Contents

So the Waters Can Flow

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Title Saga of the Sanpitch Vol 16
Subject Pioneers
Description Stories and poems about early Southern Utah Pioneers
Publisher Snow College
Date 1984
Type Text
Format image/jpeg
Language eng
Rights Management Snow College
Holding Institution Snow College
ARK ark:/87278/s6j67f3x
Setname snowc_sts
Date Created 2005-03-01
Date Modified 2005-03-01
ID 324751
Reference URL https://collections.lib.utah.edu/ark:/87278/s6j67f3x

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Title So the Waters Can Flow
Description be there to shovel and pitch it onto the bank, later to be hauled away. This gave quite a feeling of accomplishment to the young boy as he drove those horses out of the culvert and into the sunlight. He felt like he'd really done something. Not only had he earned S5-00 a day for him and his team, flow freely across the valley. He was a man. For just a few years this means of dredging took place in the Ephraim Creek, but soon had to give way to modejmiza-tion. The cement Road was widened to meet the new cement sidewalks. The cement cap on the creek was expanded across the whole section that went underground. A cement bottom was put on the creek raising the creek bottom, makin. it too small for a team of horaes to pass through. Many precautions were taken during these years to prevent flooding: the Lake Hill Dam, the Settling Pond Dam, and Beaver Dame, but none any more important than clearing the ditches. And so it was during the Depression: folks ate their bread and milk, boys became men, and the community slept soundly because they had worked together, all so the waters could flow. J. Olsen, the author's father. The Log book of Ephraim Irrigation Company, 1920-1936. -47-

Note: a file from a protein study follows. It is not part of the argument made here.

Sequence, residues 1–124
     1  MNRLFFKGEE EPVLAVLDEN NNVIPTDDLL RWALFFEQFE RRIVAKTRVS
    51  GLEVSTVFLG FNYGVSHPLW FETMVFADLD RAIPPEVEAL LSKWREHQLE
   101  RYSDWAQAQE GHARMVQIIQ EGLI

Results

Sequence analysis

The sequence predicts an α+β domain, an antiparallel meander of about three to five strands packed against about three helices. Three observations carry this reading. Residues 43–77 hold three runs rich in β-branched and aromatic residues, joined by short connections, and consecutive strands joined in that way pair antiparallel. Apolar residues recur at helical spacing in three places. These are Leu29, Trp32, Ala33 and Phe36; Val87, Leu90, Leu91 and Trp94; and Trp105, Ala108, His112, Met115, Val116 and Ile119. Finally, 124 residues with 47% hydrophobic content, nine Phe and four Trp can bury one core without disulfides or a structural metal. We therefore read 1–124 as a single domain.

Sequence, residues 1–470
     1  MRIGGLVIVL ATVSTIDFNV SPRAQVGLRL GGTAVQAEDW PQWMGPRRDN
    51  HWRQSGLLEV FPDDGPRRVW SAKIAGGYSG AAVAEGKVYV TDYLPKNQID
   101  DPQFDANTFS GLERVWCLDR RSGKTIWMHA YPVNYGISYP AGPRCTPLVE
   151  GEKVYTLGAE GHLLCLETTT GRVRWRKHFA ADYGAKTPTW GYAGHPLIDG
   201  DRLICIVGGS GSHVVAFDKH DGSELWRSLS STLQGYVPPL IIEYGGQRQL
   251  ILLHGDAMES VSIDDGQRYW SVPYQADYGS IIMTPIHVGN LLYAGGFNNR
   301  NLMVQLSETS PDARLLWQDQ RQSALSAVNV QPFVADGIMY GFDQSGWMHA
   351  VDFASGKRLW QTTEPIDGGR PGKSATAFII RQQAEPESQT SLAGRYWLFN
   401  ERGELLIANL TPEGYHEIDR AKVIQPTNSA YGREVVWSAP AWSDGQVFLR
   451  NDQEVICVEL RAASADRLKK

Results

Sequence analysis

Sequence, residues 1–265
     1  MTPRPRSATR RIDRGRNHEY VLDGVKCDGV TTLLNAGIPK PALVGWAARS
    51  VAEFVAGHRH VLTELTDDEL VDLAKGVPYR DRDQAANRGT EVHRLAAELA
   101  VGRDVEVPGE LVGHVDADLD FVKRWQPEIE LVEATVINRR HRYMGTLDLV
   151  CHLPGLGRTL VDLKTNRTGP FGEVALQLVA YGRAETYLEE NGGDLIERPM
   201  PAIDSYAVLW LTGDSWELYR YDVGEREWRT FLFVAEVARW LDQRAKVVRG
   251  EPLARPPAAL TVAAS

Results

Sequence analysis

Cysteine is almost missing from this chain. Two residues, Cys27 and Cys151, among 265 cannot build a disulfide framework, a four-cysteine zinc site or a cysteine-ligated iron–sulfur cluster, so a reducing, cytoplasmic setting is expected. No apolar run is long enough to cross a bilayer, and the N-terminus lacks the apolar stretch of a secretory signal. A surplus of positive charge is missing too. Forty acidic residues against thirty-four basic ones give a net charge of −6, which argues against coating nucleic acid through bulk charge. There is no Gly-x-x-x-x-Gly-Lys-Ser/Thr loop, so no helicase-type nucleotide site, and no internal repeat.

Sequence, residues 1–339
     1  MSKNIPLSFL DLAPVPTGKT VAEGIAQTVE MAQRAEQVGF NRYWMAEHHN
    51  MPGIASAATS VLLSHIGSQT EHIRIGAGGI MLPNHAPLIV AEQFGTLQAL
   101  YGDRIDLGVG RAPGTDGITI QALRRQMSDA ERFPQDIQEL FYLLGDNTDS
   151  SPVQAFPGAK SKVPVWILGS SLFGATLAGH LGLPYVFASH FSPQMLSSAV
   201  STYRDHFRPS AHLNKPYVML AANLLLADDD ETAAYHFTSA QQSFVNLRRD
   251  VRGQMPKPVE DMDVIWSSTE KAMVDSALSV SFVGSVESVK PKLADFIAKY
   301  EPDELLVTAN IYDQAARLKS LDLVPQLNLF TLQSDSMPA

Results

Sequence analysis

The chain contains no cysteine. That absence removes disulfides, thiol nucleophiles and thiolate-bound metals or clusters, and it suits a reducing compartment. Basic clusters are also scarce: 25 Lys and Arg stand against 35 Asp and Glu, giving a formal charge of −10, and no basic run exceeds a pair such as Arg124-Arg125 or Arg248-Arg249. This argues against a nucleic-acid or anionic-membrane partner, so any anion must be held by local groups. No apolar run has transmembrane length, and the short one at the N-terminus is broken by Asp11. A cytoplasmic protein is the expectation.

Format image/jpeg
Setname snowc_sts
Date Created 2005-02-19
Date Modified 2005-02-19
ID 324723
Reference URL https://collections.lib.utah.edu/ark:/87278/s6j67f3x/324723